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Research_

Research

Research on migrant teacher qualifications, mobility and more
We undertake research in community languages education to support teachers, student learning, policy and program development. Explore our research here.

Research

We are working on ways to credit student achievement in learning languages in community-language settings, as well as in primary and secondary schools. This will fill an obvious gap in education settings because there is currently no way to know what level of language any student in any classroom has gained. With funding from the NSW government, we have developed a ‘prototype’ progression for community languages. This has milestones for students in listening, speaking, reading and writing. It also describes the language repertoires that students develop. SICLE is applying for research funding to develop progressions in Arabic, Chinese and other languages. See below for more information.

A follow-up to The Skills in Question report, "Parallel lines: community languages schools and their role in growing languages and building communities" (pdf, 2.1MB) resulted from one of the few in-depth studies ever undertaken into the organisation of community languages schools.

The report explores the organisation, capacity, curriculum and teaching of the 310 community languages schools in NSW.

Based on the responses to an online survey; case studies of selected schools; and interviews with principals, teachers, parents and students; the report of the study concluded there had been dramatic changes in the schools over the past decades. 

There has been a shift from first- to second-, third- and fourth-generation Australian students; the age range of students has broadened from almost exclusively primary-aged pupils to now include early-childhood, secondary and adult students and growing numbers of non-background learners.

Community languages schools ‘make’ communities and act as key cultural centres.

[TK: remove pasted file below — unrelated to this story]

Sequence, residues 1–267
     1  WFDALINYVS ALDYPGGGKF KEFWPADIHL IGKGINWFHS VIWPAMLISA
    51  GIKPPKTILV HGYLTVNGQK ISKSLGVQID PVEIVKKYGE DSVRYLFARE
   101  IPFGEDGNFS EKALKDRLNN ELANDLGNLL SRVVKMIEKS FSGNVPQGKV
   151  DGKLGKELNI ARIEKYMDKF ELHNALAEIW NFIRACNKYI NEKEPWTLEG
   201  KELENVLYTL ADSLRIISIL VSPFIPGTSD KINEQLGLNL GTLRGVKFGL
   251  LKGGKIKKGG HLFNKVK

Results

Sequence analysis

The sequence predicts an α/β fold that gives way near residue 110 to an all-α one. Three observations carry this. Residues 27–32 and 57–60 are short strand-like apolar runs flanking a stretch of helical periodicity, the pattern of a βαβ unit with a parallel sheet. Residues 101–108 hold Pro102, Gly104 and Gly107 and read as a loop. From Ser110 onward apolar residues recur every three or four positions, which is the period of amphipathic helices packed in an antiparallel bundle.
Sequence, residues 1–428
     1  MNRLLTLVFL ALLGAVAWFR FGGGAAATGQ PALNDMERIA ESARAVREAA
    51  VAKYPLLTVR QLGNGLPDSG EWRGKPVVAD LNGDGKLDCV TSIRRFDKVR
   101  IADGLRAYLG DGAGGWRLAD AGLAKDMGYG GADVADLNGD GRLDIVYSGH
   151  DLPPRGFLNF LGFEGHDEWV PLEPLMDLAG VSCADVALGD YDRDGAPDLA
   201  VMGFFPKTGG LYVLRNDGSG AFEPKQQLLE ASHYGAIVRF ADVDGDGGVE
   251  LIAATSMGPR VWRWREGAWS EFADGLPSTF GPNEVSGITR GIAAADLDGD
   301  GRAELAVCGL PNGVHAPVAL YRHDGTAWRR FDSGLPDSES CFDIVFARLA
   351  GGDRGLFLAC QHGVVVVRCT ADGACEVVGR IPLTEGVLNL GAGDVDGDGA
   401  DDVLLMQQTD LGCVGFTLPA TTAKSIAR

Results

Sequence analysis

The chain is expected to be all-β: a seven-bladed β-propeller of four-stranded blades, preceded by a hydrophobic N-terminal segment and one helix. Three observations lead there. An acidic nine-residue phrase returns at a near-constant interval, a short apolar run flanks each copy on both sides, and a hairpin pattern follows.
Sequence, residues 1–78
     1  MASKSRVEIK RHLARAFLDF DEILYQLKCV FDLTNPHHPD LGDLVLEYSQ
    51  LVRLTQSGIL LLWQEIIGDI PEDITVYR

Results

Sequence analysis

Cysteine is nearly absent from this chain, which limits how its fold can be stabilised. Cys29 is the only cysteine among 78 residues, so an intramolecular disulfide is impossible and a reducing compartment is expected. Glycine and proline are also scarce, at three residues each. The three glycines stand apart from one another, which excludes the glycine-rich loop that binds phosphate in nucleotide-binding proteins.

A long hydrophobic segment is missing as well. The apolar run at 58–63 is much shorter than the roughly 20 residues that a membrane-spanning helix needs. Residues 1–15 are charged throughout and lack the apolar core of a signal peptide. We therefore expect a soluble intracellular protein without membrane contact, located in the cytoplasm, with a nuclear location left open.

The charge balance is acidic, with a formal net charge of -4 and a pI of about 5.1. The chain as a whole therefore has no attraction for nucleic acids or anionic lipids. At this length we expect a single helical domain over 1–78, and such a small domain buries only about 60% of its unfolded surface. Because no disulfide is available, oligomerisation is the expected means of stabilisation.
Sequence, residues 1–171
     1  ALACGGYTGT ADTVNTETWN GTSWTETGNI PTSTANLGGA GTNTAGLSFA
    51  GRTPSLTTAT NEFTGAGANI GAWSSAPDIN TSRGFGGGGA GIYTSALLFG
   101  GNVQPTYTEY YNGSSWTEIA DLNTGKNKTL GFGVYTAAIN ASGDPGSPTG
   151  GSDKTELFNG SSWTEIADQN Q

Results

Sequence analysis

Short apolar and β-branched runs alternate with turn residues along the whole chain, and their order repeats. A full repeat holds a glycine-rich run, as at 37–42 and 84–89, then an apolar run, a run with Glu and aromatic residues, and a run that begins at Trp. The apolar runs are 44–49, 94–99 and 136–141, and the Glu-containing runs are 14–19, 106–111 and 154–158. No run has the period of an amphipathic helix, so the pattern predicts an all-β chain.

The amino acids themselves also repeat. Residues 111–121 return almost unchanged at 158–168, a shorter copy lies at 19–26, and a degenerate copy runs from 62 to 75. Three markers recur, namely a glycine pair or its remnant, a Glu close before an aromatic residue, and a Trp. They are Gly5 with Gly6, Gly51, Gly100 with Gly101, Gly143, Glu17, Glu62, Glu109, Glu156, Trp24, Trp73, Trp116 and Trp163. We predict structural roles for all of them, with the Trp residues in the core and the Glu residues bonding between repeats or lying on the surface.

SICLE's groundbreaking report, The Skills in Question (pdf, 763kB), involved survey data from 900 community language teachers, as well as in-depth interviews with 45.

It explores the professional-learning strengths, as well as the professional-learning needs of the volunteer teachers who staff community languages schools. 

Key findings:

  • community languages teachers have high levels of qualification (60% university level, 20% college level);  
  • 55% have teaching qualifications and experience from overseas and 79% want to become teachers in Australia.  

Key recommendations:

  • community languages schools be recognised as a key provider of languages education in NSW and aligned more with other sectors. Representatives should be included in policy and program planning, especially in the areas of early childhood, primary, secondary and adult education
  • community languages schools, especially smaller schools in lower-SES communities, need proactive support from government.

We have produced a bibliography of research (pdf, 337KB) into community/heritage/complementary language schools covering the past two decades.

The aim is to help students and academics researching this area.

Papers in preparation include a study of tertiary-entry and languages, titled "Community Languages in Australia: ATARRED with the same brush".

One of our key initiatives has been the development of a research base to inform policy and programs for Community Languages schools.

Our team has developed a strong network of researchers across tertiary institutions and educational sectors in NSW.

The Tertiary Working Party has met seven times with 20 to 30 researchers, postgraduate students and policymakers.

Participants present and share their research interests; meetings have resulted in collaborative research projects between universities.

Another key research program is our study of teacher mobility – of teachers with overseas training gaining re-accreditation in Australia.

The project is a joint one with researchers at ACU and WSU and will make a significant contribution to this emerging field of international research.

Researchers have been tracking and interviewing teachers in the community who are deciding on whether or not to requalify as teachers; we have also been tracking teachers in their tertiary programs at WSU and ACU using interviews and surveys.

This has also involved interviewing lecturers in the program on their perceptions of the teachers and the adjustments they have made in their courses for inclusion. SICLE is part of several international networks of researchers in this area.

Upcoming events

Professor Michael George Clyne AM FAHA FASSA, died aged 71 on October 29, 2010, was an Australian linguist, academic and intellectual.

A scholar in various fields of linguistics, including sociolinguistics, pragmatics, bilingualism and multilingualism, second-language learning, contact linguistics and intercultural communication.

Professor Clyne was a fellow of the Academy of the Social Sciences in Australia; the Australian Academy of the Humanities; and the Royal Netherlands Academy of Sciences.

Held annually since 2011, the memorial lecture has been given by a leading academic to honour Professor Clyne's achievements and highlight his areas of research and teaching.

We also run regular online research seminars.

Previous presenters have include Professor Joe Lo Bianco, Professor Mike Baynham, Associate Professor Howard Nicholas and Professor Jim Tognolini.


IMAGE: Photo by Avel Chuklanov on Unsplash